A Revolt Against Being Bossed Around

November 16, 1994|By VIRGINIA I. POSTREL

LOS ANGELES — Los Angeles. -- It looks like an ordinary wall. But it could be a clue to this year's big political mystery: Why are Americans so angry?

The wall is a six-foot-high divider, splitting a single office into two more-or-less private work spaces. Building it and another in the office next door cost $1,100. A few years ago, that would have been the end of it.

But nowadays, you can't do any office construction, at least not legally, without paying tribute to the Americans with Disabilities Act. In this case, the ADA exacted a payment of $5,000 -- the cost of adding a new fire-alarm system so that if there is ever a fire and it occurs when a deaf employee or visitor is present but no hearing person is there to alert the deaf person, blinking lights will flash a warning.

No wonder the contractor offered to bootleg the job.

Dear employees: We spent your raise money on a symbol. That's what it means to be law-abiding in 1994.

If you want to know why voters are angry, look at that wall. Listen to the entrepreneurs whose businesses made this year's Inc. 500 list of the fastest growing private companies. They are the people on whom continued prosperity depends. And in its 1994 survey, Inc. magazine reports, ''Regulation was most often identified as the No. 1 enemy. . . . Jittery about health-care reform, feeling bound and nearly gagged by red tape, these entrepreneurs bemoaned the burdens of complying with local, state and federal mandates that often conflict with one another and that always cost money.''

Listen to the report of the New Economy Project in Los Angeles County. In this survey of local businesses, mainly privately held companies, respondents listed regulation as their biggest problem. And they weren't calm about it: ''Many firms simply wrote in capital letters, 'GOVERNMENT HARASSMENT!' . . . or 'REGULATIONS!!!! . . . In interviews, company executives were frequently so angry about their relations with the government that they would vent their frustration on the project staff for several minutes before apologizing and more calmly responding to questions.''

Washington analysts, absorbed in the culture of government, miss the personal side of politics. Americans are sick and tired of being bossed around. Since 1987, according to Times Mirror survey data, the number of people who say the federal government controls too much of our daily lives has jumped from 58 to 69 percent. And 63 percent say that business regulations usually do more harm than good, up from 55 percent.

No wonder. Over the same time period, regulation has increased enormously -- with bipartisan support. George Bush, whom National Journal writer Jonathan Rauch rightly dubbed ''the regulatory president,'' left a burden that includes the 1990 Clean Air Act, the 1991 Civil Rights Act (which for the first time lets plaintiffs seek punitive damages in employment-discrimination suits), and the ADA -- all of which have far-reaching implications.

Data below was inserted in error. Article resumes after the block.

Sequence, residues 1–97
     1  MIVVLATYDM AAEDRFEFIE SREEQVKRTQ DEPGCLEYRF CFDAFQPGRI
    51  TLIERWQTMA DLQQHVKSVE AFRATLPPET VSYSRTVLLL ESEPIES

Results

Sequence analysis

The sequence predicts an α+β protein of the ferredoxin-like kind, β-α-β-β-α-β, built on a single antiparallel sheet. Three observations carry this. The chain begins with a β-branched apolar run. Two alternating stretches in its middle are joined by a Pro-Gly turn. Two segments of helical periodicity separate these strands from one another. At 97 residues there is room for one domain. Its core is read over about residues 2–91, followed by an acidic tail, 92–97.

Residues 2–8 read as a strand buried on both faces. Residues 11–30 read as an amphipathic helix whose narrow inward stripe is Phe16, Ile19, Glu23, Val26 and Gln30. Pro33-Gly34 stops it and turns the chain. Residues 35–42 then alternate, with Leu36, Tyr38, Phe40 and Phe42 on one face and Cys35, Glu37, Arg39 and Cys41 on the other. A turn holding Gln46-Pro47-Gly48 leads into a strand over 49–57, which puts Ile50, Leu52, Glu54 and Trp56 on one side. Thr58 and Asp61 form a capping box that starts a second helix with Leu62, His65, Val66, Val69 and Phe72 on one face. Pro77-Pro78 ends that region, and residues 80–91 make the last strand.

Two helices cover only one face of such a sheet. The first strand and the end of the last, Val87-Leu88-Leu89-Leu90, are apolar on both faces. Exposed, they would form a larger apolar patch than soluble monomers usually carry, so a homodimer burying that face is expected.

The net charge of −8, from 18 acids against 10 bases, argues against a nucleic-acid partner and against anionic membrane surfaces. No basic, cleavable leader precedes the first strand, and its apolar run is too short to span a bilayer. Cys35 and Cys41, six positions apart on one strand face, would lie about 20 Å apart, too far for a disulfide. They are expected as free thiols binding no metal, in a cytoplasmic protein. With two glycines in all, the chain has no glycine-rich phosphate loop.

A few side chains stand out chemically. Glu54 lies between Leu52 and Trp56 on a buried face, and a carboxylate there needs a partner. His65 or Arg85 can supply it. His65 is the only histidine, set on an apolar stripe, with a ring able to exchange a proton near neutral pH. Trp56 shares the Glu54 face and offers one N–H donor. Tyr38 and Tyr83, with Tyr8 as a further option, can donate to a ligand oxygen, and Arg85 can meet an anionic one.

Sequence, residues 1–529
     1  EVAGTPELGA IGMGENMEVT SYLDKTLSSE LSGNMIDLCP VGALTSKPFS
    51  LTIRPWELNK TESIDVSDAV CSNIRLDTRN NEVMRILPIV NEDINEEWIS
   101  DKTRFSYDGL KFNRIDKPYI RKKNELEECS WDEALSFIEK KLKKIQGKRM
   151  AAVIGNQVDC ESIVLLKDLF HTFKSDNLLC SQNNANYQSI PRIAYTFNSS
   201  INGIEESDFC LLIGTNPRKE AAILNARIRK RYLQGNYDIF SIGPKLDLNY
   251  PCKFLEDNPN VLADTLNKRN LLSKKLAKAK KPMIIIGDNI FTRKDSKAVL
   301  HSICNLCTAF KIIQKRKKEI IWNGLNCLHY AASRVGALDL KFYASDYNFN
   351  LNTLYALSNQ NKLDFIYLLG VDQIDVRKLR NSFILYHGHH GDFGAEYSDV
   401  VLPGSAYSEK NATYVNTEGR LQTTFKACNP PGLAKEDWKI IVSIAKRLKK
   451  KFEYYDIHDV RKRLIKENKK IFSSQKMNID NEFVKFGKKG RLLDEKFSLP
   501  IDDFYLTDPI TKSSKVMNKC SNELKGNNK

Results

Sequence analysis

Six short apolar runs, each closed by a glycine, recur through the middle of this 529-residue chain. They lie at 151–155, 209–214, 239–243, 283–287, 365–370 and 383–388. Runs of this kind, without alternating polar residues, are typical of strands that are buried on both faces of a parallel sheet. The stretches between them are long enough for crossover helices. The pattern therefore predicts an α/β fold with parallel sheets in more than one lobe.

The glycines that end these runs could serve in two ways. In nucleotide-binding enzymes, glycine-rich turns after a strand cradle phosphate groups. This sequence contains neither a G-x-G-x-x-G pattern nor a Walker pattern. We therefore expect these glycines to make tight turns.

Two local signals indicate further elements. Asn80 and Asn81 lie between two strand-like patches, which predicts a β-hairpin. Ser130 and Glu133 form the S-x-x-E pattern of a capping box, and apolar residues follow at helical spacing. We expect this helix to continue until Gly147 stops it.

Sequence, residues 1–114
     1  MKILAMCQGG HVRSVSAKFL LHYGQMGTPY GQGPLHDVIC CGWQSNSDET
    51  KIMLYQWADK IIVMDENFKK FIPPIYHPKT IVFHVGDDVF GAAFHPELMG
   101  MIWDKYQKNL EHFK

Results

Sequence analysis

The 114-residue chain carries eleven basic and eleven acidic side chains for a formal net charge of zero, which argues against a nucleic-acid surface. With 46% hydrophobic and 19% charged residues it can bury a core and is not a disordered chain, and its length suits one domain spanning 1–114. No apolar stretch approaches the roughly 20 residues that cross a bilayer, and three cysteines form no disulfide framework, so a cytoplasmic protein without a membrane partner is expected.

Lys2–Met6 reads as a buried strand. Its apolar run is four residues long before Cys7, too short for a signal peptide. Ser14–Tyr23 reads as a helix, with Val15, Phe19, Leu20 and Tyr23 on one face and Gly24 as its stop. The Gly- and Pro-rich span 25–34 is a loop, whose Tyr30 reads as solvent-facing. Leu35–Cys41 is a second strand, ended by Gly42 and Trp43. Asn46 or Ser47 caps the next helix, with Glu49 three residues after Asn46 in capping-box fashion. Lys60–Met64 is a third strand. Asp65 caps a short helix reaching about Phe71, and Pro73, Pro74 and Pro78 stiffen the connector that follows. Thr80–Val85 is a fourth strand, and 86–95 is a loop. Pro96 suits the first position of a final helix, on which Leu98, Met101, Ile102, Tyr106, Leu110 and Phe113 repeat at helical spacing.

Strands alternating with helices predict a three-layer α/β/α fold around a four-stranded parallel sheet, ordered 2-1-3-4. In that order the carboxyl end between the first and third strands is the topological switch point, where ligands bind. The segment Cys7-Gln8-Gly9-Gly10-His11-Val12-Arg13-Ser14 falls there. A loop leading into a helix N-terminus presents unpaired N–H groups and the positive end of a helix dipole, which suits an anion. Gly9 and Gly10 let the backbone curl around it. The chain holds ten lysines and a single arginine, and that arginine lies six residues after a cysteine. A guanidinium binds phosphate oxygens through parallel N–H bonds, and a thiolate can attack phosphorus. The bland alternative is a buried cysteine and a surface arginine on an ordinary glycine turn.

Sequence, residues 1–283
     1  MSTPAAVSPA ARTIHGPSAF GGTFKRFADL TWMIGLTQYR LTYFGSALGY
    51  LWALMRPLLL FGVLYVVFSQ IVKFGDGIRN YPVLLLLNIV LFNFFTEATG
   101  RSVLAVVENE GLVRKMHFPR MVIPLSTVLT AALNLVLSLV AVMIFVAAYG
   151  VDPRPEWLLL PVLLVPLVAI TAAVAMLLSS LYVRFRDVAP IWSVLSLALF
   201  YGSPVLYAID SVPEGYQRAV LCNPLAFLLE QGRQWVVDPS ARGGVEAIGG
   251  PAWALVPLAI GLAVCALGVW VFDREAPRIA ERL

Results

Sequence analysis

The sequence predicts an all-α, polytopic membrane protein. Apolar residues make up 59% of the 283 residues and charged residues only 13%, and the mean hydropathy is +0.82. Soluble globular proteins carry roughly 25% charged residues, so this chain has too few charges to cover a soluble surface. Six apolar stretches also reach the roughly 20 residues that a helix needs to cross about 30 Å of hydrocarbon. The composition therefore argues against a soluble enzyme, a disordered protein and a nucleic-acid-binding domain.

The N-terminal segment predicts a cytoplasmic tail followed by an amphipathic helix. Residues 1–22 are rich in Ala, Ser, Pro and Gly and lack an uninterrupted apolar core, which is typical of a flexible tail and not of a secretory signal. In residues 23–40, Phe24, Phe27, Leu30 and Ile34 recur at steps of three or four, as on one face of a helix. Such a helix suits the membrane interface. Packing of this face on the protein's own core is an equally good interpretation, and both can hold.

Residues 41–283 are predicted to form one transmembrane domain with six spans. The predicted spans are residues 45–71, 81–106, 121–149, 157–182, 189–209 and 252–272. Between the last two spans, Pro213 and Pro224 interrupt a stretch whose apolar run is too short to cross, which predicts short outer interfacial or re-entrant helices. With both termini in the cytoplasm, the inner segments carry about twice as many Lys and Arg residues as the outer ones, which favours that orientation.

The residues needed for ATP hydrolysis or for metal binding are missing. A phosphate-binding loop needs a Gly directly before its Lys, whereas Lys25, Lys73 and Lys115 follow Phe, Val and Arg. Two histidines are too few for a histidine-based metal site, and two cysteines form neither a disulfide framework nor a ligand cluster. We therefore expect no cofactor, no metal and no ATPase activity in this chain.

The Federal Register, which is where new regulations are published, has been growing steadily fatter, from 49,654 pages in 1987 to 69,688 in 1993. Meanwhile, cities and states have added their own contributions to the mounting pile -- new rules governing everything from hot-water faucets in apartment buildings, to smoking in restaurants, to company dress codes.

Government regulations have stretched far beyond General Motors and Exxon to invade just about every family home and every family business. Consider a single area of the law: real-estate ads. The Civil Rights Act of 1964 makes it illegal ''to make, print or publish . . . any notice, statement or advertisement, with respect to the sale or rental of a dwelling that indicates any preference, limitation or discrimination'' based on the usual protected categories. And regulators take ''any'' very literally.

It is illegal, therefore, to advertise that a house or apartment is ''near the Mormon temple'' or ''within walking distance of synagogues'' (implied religious discrimination); that it has facilities ''perfect for runners'' (disability); or a ''yard great for children'' (familial/marital status); or that it is an ''executive home'' or is in a ''prestigious neighborhood'' (race, which suggests a certain racism on the part of regulators). It is even illegal for a woman to say in an ad that she's looking for a female roommate. So much for keeping government out of our bedrooms.

Humorist Dave Barry, who knows more about non-Washingtonian sentiments than 20 Beltway commentators, explains it best. In an interview in the December issue of Reason, he talks about getting ''a ticket for painting our own living room white'' without city permission. After he wrote about the experience, he discovered that some local residents were actually having carpenters and plumbers do their work in the middle of the night, lest their trucks be spotted by the permit police.

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